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  • Posted: 08/27/2012
Backgrounder

The NCI-60: Assessing drug effectiveness

by Richard Folkers

Clear, sealed flasks in incubator
NCI’s in vitro cell line, better known as the NCI-60, is one of the most commonly used set of cell cultures in cancer research. It comprises 60 different types of cells from about a dozen types of cancer. These cells are used to analyze the anti-cancer properties of various drugs or chemicals. This image shows NCI-60 cells incubating in flasks.
Lab technician pipetting orange liquid into flask
Lab technician preparing medium for mixing with NCI-60 cells.
Technician reads cell counts on monitor
Technician reads cell counts on monitor in order to determine density of cells in culture. Green dots represent viable cells.
Lab technician under a hood, using device that loads plates with cell cultures
Lab technician overseeing automated plating of NCI-60 cell cultures into individual wells
Cell plates in an incubator
Technician reviewing readout of cell line activity/response.
Lab technician in purple coat stacks cell plates
After staining, washing and drying of test plates, plates are ready to be read.
Clear plate with small wells, filled with pink liquid
Cell plate with 4 cell lines from the NCI-60 that is ready to be read.
Technician in pink lab coat looks at a computer
Technician reviewing a readout of cell line activity/response.

For centuries, venoms, toxins, and other medicinals, which are chemicals extracted from plants and animals, as well as seemingly countless other natural products, have been reputed to have therapeutic properties. In some cases, those reputations have proved true. For example, the cancer drug paclitaxel, commonly known as Taxol, which has been mostly commonly used in the treatment of lung, ovarian, and breast cancers is a medicinal derived from the bark of the Pacific yew tree.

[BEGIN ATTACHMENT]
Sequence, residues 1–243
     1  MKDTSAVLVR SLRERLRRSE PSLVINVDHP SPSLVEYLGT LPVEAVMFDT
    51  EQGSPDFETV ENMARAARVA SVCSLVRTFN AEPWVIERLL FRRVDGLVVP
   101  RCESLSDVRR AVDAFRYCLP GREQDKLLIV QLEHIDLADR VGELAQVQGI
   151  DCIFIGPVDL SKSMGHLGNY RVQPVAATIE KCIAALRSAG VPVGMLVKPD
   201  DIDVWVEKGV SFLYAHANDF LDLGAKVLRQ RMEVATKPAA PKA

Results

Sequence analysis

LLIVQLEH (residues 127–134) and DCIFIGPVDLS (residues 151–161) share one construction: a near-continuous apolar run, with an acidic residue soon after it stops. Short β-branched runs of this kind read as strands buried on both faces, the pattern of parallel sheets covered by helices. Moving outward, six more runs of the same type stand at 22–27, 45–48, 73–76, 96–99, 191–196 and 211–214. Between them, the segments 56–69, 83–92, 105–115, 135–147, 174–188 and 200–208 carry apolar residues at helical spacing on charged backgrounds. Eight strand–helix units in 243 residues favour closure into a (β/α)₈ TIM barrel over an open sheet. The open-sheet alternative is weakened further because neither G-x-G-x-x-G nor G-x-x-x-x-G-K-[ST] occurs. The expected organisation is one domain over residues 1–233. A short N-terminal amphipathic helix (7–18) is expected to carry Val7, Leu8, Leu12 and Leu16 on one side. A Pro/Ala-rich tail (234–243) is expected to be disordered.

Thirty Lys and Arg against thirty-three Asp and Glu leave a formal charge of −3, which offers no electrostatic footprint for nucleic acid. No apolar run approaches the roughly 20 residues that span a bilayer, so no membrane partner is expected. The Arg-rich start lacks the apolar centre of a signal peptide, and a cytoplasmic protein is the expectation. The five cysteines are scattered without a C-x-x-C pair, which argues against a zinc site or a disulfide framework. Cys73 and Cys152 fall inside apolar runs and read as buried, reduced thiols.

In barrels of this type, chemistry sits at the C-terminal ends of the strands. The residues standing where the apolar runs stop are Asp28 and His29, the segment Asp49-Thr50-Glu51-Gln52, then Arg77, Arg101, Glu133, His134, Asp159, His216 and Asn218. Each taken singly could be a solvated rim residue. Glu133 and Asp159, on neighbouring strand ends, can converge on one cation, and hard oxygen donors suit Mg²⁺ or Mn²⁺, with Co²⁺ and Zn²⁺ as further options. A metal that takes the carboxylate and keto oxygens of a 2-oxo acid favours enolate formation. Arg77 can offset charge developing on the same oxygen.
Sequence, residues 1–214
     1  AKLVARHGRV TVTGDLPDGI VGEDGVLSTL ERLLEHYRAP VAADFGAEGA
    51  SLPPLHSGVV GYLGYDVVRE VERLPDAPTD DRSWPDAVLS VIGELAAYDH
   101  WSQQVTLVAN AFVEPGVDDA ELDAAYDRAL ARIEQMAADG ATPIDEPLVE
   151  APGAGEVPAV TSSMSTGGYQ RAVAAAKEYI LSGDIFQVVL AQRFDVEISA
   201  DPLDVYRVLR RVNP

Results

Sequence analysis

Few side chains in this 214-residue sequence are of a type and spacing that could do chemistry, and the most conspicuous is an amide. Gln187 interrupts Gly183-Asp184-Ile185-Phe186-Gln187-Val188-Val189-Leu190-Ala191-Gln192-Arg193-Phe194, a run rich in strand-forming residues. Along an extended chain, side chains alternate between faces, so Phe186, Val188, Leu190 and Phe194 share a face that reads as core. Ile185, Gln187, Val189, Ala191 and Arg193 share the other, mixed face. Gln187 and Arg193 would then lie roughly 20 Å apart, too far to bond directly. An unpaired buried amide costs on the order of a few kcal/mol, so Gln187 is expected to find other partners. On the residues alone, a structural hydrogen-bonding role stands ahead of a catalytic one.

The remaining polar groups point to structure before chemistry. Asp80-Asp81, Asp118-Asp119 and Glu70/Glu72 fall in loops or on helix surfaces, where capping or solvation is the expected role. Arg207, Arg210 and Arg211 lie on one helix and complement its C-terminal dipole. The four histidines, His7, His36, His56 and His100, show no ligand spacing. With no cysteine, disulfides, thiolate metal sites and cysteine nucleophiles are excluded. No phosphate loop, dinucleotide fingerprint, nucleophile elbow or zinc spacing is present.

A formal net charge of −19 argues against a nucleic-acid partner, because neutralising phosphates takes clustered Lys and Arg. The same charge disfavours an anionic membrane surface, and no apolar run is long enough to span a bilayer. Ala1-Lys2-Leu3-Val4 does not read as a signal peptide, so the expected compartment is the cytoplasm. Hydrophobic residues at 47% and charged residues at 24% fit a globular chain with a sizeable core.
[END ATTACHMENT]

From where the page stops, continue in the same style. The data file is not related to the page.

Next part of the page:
But how does science figure out where legend ends and treatment effectiveness begins? How do you determine whether a drug—from a natural product or engineered as a synthetic chemical, for that matter—is useful as a cancer treatment? It's just common sense that biomedical researchers can't recruit a bunch of cancer patients, give them some tree bark to munch on, and see if they get better. Science is about investigation, about testing, about rigid standards of patient protection, and about building a foundation of evidence. The key question for scientists is: Before starting tests in humans, how do you measure whether a drug has the potential in cancer patients to inhibit tumor growth or prevent cancer?

It's all about chemistry. Natural products can vary widely from sample to sample. Just as the color of blossoms can vary from azalea to azalea in a garden, the strength of a plant substance suspected of anti-cancer properties can be different from plant to plant—or tree trunk to tree trunk. In most cases, the chemical in question, known as the lead compound, must be isolated and purified, ensuring that the strength tested remains consistent from sample to sample. Natural compounds are often extremely complex in their chemical makeup, so if enough chemical can't be extracted naturally, synthesizing lead compounds can be a tall order. But even after that time-consuming and expensive process is complete, the question often remains: Does it work?